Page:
“The celebrities are all doing things that are kind of against what they’re known for,” Spike president Kevin Kay said. “If you brought people off the street to do the same thing I don’t think you get that same effect.”
Network executives say celebrities are just as enthusiastic about participating in these series as the networks are in drawing them in.
“The ta lent that really works best on air is the talent that is already in the home space and then we just follow them with cameras,” Finch said. “It’s kind of a mixture of things — sometimes they ask and sometimes we hear about a celebrity renovating a home and we’ll ask if they’d be willing to have a camera follow along.”
Cooking Channel general manager Michael Smith said celebrities mostly approach the network to develop shows that revolve around their love of traditional and fine cuisine.
“They’re constantly playing roles and characters, and the only time they actually have a chance to show who they really are and show their own authenticity is on a talk show or in a People magazine interview,” he said. “They love the opportunity in a cooking show to be themselves and share what they’re passionate about.”
Actress Tia Mowry, who last month launched Tia’s Home Cooking on Cooking Channel, said she’s not surprised that celebrities and viewers are gravitating to the genre.
“I think a lot of people are like me who want to know more about [celebrity lives],” said Mowry, who’s also a fan of Yearwood’s Trisha’s Southern Kitchen on Food Network.
“You want to know how do they live, and how do they make their world go round, and I think that’s what’s so interesting about these shows,” Mowry said. “You get to know who they are. You get to know their family, and a lot of times you don’t really get to see that.”
Finch cautions that, regardless of their popularity, not every celebrity can drive a successful niche-targeted series. Each personality has to come off as authentic to the task they’re performing.
“We’re not going to take just any old movie star and put a hammer in their hand and ask people to believe they know what they’re doing,” she said. “We really have to make sure the person belongs on our air.”
Introcaso-Davis agreed the celebrities have to have some tie-in with the project or show’s theme to be successful. Romijn’s starring role as body-painted villain Mystique in the X-Men film franchise gave her credibility as host for GSN’s Skin Wars, the body-painting competition show that became the network’s most-watched series ever in its freshman run last year.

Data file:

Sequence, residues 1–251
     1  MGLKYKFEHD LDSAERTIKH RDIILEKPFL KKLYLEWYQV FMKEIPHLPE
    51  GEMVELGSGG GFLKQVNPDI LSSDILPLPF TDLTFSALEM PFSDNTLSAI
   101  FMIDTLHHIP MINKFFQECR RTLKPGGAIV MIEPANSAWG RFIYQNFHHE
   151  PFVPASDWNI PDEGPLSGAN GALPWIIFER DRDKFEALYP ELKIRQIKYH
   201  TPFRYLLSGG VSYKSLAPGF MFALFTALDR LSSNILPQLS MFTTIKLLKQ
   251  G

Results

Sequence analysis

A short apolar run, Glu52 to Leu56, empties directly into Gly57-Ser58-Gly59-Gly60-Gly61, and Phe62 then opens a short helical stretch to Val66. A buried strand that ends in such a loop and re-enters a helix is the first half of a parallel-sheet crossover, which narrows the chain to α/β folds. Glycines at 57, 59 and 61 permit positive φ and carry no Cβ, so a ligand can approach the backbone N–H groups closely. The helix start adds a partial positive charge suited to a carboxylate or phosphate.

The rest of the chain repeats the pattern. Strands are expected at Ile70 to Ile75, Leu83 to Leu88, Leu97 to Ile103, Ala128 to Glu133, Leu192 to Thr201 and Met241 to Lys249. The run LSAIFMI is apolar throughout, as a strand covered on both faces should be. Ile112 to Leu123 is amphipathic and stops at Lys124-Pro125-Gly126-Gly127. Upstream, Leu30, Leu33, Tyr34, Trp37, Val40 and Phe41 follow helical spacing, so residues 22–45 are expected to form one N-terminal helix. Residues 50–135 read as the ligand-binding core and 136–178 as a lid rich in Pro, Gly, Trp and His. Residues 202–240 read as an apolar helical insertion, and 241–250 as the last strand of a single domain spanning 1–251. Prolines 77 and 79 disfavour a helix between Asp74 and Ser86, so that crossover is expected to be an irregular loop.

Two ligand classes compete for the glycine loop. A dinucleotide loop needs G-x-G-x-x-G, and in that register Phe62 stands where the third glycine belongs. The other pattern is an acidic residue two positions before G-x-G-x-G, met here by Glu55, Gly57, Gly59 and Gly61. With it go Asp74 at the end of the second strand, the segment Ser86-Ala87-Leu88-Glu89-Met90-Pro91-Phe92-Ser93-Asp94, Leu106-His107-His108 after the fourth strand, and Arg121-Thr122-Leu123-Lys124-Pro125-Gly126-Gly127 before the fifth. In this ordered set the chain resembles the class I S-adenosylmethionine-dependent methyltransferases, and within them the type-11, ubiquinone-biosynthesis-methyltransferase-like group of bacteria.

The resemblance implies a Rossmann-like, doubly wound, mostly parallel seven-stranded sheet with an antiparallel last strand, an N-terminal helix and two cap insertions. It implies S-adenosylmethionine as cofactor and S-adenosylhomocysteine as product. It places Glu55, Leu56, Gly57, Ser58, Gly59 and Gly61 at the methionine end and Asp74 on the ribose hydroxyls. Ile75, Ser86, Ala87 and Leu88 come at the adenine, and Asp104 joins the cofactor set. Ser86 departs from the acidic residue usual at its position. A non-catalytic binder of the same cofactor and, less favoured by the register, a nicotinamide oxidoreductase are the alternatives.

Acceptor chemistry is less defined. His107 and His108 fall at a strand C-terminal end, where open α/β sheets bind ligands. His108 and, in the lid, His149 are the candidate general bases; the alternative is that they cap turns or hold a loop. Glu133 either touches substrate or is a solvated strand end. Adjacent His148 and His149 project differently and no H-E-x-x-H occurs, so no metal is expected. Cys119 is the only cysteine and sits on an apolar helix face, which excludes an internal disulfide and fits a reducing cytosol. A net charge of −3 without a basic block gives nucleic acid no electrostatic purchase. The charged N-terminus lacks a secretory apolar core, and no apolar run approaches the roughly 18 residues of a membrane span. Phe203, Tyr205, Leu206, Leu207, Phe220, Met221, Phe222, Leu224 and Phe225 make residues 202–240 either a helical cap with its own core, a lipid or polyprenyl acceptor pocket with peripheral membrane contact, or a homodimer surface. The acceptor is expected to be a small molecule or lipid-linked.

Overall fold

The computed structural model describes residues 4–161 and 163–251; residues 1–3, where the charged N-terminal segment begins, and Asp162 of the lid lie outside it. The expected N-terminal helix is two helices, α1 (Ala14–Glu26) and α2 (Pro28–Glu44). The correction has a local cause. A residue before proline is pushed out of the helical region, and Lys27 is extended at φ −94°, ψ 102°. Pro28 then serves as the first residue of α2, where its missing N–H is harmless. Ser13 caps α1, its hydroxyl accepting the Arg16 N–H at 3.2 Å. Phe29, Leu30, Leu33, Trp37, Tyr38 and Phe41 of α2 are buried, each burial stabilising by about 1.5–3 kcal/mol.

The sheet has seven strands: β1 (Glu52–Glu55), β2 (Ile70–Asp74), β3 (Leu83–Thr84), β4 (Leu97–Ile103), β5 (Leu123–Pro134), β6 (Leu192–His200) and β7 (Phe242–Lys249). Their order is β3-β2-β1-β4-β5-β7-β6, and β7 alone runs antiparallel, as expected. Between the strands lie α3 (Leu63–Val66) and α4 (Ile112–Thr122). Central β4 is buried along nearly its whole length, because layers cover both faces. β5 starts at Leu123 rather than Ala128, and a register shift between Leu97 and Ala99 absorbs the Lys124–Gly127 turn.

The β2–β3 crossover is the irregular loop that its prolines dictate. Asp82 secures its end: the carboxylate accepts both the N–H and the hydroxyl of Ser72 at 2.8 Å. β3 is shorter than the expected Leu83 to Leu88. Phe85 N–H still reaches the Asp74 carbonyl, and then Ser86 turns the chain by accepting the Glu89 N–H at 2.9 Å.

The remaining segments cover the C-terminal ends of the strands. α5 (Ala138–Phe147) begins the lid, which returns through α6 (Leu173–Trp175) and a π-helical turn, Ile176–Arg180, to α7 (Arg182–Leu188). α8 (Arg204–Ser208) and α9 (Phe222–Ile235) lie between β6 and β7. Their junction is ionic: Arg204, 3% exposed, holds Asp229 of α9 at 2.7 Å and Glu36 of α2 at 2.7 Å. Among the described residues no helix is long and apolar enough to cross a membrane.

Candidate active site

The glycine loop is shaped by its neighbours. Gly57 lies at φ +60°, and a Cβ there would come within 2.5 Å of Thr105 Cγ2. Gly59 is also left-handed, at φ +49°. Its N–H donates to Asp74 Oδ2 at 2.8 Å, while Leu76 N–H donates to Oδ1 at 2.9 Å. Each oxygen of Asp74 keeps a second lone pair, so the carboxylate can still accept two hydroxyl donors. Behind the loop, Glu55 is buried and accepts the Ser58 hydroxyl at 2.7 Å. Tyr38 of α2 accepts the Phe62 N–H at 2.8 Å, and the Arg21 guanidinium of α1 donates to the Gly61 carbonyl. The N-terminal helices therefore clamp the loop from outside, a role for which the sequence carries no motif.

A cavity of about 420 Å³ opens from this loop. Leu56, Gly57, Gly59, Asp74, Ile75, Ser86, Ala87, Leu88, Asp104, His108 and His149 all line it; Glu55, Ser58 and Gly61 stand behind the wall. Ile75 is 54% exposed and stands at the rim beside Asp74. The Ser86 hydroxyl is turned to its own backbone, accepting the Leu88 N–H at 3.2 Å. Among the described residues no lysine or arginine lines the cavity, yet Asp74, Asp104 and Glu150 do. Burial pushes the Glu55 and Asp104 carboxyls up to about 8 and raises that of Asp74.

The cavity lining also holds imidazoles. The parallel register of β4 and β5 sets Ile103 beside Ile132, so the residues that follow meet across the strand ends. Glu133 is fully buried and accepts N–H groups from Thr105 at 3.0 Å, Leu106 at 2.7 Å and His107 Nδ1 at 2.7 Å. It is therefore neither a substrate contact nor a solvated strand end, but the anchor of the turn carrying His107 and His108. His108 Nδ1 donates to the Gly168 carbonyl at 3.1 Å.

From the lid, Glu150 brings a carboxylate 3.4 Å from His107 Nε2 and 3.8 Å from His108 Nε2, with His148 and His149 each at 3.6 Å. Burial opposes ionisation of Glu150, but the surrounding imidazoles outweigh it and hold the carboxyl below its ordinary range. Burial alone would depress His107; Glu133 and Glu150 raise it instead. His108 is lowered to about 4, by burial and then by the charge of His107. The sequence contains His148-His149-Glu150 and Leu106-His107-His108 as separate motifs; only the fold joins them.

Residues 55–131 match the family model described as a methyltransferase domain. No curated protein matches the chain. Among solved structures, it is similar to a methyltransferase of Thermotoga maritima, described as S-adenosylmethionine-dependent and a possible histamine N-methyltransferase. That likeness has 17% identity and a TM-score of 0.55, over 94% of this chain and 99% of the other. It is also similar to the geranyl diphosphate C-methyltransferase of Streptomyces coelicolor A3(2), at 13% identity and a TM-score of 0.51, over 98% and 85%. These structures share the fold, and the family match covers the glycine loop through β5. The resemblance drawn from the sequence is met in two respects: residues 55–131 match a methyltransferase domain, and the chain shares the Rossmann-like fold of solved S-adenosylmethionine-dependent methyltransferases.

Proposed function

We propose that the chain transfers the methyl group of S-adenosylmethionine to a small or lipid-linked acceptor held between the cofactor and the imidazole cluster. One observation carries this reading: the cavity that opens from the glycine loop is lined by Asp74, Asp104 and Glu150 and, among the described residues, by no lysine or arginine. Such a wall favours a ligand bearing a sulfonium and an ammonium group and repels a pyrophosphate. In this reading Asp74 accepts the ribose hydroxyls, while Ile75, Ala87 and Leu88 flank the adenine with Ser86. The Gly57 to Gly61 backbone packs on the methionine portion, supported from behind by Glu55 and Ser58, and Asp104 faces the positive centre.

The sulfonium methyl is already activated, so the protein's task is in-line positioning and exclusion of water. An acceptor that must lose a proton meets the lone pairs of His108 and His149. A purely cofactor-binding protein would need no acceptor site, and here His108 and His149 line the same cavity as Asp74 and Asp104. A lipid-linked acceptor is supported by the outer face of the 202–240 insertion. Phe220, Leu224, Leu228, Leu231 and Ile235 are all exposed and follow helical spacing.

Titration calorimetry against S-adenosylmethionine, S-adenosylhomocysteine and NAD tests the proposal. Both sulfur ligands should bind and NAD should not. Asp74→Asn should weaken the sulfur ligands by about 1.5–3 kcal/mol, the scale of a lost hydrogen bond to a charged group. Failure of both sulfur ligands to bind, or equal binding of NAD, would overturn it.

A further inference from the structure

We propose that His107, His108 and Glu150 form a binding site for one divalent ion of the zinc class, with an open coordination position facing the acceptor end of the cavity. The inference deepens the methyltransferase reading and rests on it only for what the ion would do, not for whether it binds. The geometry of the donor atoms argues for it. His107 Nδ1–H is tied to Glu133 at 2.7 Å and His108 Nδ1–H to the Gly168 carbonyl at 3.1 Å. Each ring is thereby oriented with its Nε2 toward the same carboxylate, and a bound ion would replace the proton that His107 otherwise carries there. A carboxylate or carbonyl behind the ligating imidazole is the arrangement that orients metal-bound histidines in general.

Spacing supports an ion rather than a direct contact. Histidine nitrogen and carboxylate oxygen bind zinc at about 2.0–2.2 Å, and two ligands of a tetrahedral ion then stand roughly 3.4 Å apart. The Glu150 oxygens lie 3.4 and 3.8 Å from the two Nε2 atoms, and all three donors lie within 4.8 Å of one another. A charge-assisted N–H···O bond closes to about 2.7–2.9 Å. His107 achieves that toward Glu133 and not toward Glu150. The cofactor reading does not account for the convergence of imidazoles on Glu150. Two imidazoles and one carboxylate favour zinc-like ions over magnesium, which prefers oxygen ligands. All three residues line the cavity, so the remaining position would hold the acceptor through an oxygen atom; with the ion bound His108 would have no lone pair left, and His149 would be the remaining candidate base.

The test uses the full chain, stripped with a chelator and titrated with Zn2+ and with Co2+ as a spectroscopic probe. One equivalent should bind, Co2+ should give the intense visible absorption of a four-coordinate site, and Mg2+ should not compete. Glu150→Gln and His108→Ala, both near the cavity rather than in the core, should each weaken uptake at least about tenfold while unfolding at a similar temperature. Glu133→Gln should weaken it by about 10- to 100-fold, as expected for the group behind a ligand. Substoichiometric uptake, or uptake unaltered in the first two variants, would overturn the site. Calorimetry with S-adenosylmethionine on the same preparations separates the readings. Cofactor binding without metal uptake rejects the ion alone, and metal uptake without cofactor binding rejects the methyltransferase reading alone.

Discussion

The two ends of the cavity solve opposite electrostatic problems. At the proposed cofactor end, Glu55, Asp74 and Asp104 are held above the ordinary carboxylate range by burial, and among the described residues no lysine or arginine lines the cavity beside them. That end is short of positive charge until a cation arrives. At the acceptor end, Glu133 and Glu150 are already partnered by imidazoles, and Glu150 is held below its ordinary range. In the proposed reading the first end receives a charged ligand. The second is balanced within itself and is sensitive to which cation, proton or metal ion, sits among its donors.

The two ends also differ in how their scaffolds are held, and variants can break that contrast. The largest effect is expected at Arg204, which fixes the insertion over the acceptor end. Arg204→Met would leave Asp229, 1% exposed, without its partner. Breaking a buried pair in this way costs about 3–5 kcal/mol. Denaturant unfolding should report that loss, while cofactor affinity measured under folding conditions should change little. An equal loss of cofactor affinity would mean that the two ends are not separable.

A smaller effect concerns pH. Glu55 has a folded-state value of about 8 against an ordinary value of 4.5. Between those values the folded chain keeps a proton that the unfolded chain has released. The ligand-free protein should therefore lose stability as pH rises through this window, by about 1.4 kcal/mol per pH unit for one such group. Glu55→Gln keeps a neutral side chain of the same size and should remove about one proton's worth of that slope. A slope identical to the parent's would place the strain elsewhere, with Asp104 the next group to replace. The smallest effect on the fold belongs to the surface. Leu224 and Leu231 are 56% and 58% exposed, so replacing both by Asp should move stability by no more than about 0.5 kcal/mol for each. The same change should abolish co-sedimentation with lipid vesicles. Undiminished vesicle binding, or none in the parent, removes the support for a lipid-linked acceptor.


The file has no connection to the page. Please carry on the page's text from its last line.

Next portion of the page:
“Rebecca was a bull’s-eye for us because she is the most recognizable painted person in the world,” said Introcaso-Davis. “When you have guest hosts or judges that have to do with something related to the show, it works — you don’t put a celebrity in just to put in a celebrity. It needs to work within the creative.”
Not only do celebrities bring name recognition to the series, they also bring millions of fans who follow them on social media, which gives the shows an added marketing boost when the stars tweet or add Facebook posts about their experiences.
Spike’s Kay said a YouTube video of Anne Hathaway lip-syncing to the Miley Cyrus hit Wrecking Ball drew 2 million views days before the episode aired.
Added GSN’s Introcaso-Davis: “These celebrities have big Twitter and Facebook followings and the talent is always interested in building that following. The shows work for all involved because [the shows] serve as marketing tool for both the talent and the network.”
Putting celebrities to work is working out well for cable networks.
Despite this Yogi-Berra-inspired ref lection, shows that once typically hired experts in the field or no-name reality hosts are suddenly tapping a rich American vein: superstars, old and new.Subscribe for full article